Eight Reasons to Visit Java
The most many visitors to Indonesia see of Java is Jakarta airport. But, while Indonesia’s gridlocked capital is a tough city to love, and hectic traffic makes this populous island tough to get around, there’s more to Java than sprawling Asian mega-cities. If you’re thinking of visiting Java, here’s eight good reasons to get up and go.
Possibly the most iconic of Indonesia’s volcanoes, Bromo stands stark amid a sea of black sand, where the local Tenggerese still ride horses as they have since time immemorial. It’s volatile and very active, and the Tenggerese still propitiate the volcano with offerings at the Yadnya Kasada festival in June.
Just a short hop from Bali, the Ijen plateau offers tranquil highland landscapes, coffee plantations, perfectly conical volcanoes and the Kawah Ijen crater lake, from which miners draw chunks of sulphur. It’s possible to stay at hotels in Banyuwangi, like the Hotel Santika Banyuwangi, but, although accommodation is more basic, the highlands themselves make a better choice.
Java really is at the epicentre of Indonesia’s Ring of Fire, and Krakatau, midway between Java and Sumatra, rocked the world when it erupted in 1883. There’s little of the original volcano left, just the shattered edge of a caldera and Krakatau’s “daughter”, Anak Krakatau, which continues to rise from the sea at a spectacular 6 metres per year.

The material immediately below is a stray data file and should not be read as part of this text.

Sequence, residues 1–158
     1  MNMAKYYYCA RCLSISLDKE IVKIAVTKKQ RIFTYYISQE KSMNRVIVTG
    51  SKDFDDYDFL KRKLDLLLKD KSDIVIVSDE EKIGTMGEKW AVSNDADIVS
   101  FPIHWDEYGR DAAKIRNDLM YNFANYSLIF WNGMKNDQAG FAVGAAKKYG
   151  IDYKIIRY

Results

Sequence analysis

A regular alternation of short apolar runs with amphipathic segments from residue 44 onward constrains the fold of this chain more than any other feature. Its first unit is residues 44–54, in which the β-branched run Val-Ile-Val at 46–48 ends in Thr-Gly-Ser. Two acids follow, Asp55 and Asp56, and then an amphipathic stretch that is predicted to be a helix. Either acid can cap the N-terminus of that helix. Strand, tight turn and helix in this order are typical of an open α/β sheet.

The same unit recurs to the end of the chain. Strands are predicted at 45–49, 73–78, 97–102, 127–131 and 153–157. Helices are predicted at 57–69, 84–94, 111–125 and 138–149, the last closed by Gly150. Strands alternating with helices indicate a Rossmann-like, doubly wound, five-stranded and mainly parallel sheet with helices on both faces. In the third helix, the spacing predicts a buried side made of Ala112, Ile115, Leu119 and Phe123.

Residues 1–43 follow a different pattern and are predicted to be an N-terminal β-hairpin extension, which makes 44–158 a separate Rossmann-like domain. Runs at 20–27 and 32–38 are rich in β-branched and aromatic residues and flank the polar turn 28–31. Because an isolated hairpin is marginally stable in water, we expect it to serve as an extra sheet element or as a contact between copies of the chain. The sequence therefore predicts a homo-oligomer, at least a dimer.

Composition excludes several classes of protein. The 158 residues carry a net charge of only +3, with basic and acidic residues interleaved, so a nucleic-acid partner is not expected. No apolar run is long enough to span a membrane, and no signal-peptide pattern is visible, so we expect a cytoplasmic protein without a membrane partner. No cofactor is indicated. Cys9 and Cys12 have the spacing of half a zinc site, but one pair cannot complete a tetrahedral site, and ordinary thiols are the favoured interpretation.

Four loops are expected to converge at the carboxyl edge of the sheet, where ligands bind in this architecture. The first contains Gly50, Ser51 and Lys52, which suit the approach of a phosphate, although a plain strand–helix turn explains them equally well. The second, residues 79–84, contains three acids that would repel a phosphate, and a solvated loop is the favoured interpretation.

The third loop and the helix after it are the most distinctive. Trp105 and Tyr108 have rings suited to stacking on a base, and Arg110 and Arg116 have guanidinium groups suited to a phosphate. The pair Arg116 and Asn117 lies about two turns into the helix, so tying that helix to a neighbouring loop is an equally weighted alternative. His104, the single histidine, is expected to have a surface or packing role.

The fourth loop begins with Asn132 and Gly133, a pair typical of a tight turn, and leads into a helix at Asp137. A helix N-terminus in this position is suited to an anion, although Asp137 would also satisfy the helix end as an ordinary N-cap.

Indonesian cities can be hard to relate to, due to largely uncontrolled development, pollution and litter. But cultured Yogya, with its vibrant modern art scene, attractive old town and university city lifestyle, is the exception that proves the rule. It’s also a perfect base for exploring Borobudur.
While today Java is overwhelmingly Muslim – albeit with some distinctly Hindu and animist features – this serene highland landscape is scattered with literally hundreds of Hindu temples. The temples themselves aren’t stunning, but the crater lakes and rural landscapes are: consider staying in Wonosobo for a better choice of accommodation.
The Sumatran rhino might get all the press, but in this national park in far west Java, the rare Javan rhino is still occasionally seen. Not far from Krakatau, with striking offshore islands and unspoilt forest full of bird life, Ujung Kulon is rarely visited.
Bandung Tea Plantations
Back in the Dutch colonial era, tea grown around Bandung was a rival to the British plantations around Assam and Darjeeling – and, while most teas are mass-market, a handful of growers are producing organic, hand-crafted teas for connoisseurs. Stay here for colonial hill stations and misty tea plantations, many of which are open for tours.
Image credits: Borobudur 4 by Thrillseekr, Mount Bromo by Ronald Tagra, Sunrise from Ijen Crater, Indonesia by Jimmy McIntyre, #Krakatau by Valdemar Anthony Kornholt, Kereta Kuda, Malioboro, Yogya by Danumurthi Mahendra, Telaga Warna Dieng Plateau by Jimmy McIntyre, Orange Umbrellas by Riza Nugraha and Tea Garden in Indonesia by Skyseeker, all on Flickr’s Creative Commons.